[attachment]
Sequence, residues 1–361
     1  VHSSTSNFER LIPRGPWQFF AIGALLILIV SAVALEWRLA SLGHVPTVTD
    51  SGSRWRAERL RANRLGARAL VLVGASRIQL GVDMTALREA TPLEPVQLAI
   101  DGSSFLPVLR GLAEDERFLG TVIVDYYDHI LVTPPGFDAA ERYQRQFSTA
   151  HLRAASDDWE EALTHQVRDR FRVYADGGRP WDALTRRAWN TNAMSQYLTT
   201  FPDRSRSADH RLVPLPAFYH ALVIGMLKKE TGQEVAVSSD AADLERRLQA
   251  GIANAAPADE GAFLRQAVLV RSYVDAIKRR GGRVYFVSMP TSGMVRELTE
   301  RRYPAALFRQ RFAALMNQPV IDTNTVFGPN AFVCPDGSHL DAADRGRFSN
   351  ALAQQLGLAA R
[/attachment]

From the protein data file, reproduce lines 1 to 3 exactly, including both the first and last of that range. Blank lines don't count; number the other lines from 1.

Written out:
Sequence, residues 1–361
     1  VHSSTSNFER LIPRGPWQFF AIGALLILIV SAVALEWRLA SLGHVPTVTD
    51  SGSRWRAERL RANRLGARAL VLVGASRIQL GVDMTALREA TPLEPVQLAI